When we used to model the gold price (which we described in detail in our column in the January 2003 issue of Paydirt), the key parameters of one of the most successful forecasting models (of the South African Chamber of Mines) were : the real US long-term interest rate, the Brent oil price, the DMK/US$ exchange rate and the annual increase in USM1 money supply led by 4 quarters (or one year) to provide inflationary expectations, plus a “constant” (determined from linear regression of the parameters) to balance the equation deriving the US$/oz gold price.

The inclusion of the oil price in the model gave a significantly better statistical fit than its exclusion. And like it or not interest rates are falling with cpi (or inflation) rising, so real interest rates are falling - another factor in gold’s favour.

Models used to work reasonably well until the hedging dampened them like “pouring oil on troubled waters”. Julian Baring was 100% right when he said that gold hedging and forward selling was dampening and holding back the gold price and he and Mercury Asset Management (later taken over by Merrill’s) were strongly against it, discouraging it whenever and wherever possible.

Gradually the hedging dissipated and the gold price recovered to what it has become today. However, without the hedging comes the volatility, the gold price behaviour is back to what it was before the hedging occurred in the late 1970s to early 1980s, ie extreme movements of up to US$50/oz per day or more. The movements are even more accentuated than before due to 24-hour trading- back then it was a case of watching the Reuters’ print/ticker machine printing out one line at a time.

The market is still learning how to handle such movements, and that’s all they are – just volatility. The market has improved, at one stage a $2/oz move in the gold price resulted in a 2% move in gold share prices, but the collapse in share prices of up to 20% last night (1 December) on the US$50/oz fall in the gold price will be shown in most cases to have been overdone.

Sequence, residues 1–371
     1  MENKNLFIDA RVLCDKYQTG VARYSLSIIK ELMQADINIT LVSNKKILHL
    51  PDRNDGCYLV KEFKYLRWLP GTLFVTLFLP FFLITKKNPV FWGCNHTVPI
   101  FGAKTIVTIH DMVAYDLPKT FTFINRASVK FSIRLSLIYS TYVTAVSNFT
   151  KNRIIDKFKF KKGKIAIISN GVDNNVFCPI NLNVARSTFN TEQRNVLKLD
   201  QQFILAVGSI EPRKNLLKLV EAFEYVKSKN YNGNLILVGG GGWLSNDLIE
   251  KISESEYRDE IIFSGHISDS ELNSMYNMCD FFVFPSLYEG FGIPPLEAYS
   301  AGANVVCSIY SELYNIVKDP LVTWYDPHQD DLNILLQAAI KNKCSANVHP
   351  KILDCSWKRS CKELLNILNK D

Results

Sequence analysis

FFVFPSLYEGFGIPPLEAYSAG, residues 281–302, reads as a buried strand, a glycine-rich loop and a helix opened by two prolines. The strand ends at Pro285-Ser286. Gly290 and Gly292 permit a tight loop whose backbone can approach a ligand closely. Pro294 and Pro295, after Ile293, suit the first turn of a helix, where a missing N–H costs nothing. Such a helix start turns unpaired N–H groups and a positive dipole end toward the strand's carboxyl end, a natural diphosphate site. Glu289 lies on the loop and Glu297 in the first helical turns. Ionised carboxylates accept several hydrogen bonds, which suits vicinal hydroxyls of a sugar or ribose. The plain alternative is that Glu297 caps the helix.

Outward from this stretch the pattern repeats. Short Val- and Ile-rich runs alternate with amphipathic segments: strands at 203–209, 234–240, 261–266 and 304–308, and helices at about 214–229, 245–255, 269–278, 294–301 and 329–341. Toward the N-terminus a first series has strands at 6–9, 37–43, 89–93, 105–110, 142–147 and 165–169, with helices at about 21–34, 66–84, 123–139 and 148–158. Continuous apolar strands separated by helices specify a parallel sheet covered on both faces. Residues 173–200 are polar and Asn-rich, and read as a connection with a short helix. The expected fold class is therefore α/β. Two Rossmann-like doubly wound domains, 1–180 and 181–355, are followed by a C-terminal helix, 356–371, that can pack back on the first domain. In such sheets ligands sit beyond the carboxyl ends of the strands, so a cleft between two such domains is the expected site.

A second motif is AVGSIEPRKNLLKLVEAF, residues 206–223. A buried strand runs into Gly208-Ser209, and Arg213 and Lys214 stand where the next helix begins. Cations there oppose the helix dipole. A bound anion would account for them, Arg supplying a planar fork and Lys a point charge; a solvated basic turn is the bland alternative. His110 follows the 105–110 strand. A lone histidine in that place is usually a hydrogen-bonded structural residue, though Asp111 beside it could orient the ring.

And so to demand for gold. Aside from the staggering demand from India this past year in the usual wedding festivals that follow the monsoonal rains and harvests, the Chinese public are becoming increasingly affluent and that has to be good for gold. Gold is relatively cheap in China, after all the Rmb is currently probably the world’s strongest currency having risen by ~20% against the US$ in the past 3 years (since 2005), and the US wants it to be allowed to strengthen ever further.

One of the clearest signs of the growing affluence (apart from clothing and boutique shopping bags and shops are cars. We saw Porsche’s being driven in Nanning in Guangxi in November 2008 and a Porsche showroom there.

Apparently, the largest dealership for Bentleys is now in China, and in 2007 the 9 Bentley dealerships spread throughout the country, sold 258 of them. Also in 2007, China contained 7 of the 10 Bentley Mulliner 728s which cost ~Rmb12m each (divide by about 7 to get 1US$, or 4 to get A$1). And Xian in Shaanxi Province is reputedly becoming one of the main centres for Rolls Royce’s (106 were sold throughout China in 2007). BMWs, Audi’s and Mercs have become commonplace now throughout China, amongst the various forms of 4WDs.

The coming Chinese New Year (4707) of the Ox starts on 26 January 2009, as symbolised in the Chinese gold bars in Figure 1 and they have those absolutely fantastic new year sayings (for gold bulls) such as “Gold should be seen everywhere in the house”, aside from giving gold gifts to each other.

While wary of forecasting a gold price, we (ERA) think that based on the above demand factors, there appears to be an increasing likelihood that the gold price is underpinned at US$700/oz and capable of rising much higher. Usually regarded as requiring hard work that results in more prosperous times, the year of the Ox will hopefully be a lot better for gold (and gold shares) than the outgoing year of the “Rat”.

Disclosure and Disclaimer: This article has been written by Keith Goode, the Managing Director of Eagle Research Advisory Pty Ltd, (an independent research company) who is an Authorised Representative with Taylor Collison Ltd, and with his associates, may hold interests in some of the stocks mentioned in this article. The opinions expressed in this article should not be taken as investment advice, but are based on observations by the author. The author does not warrant the accuracy or completeness of any information and is not liable for any loss or damage suffered through any reliance on its contents.

Figure 1. Four 9’s and Five 9’s Gold Bars (20g to 200g) for the 2009 Chinese New Year of the OxGDNnov08-1

  • Written by: Keith Goode
  • Saturday, 01 November 2008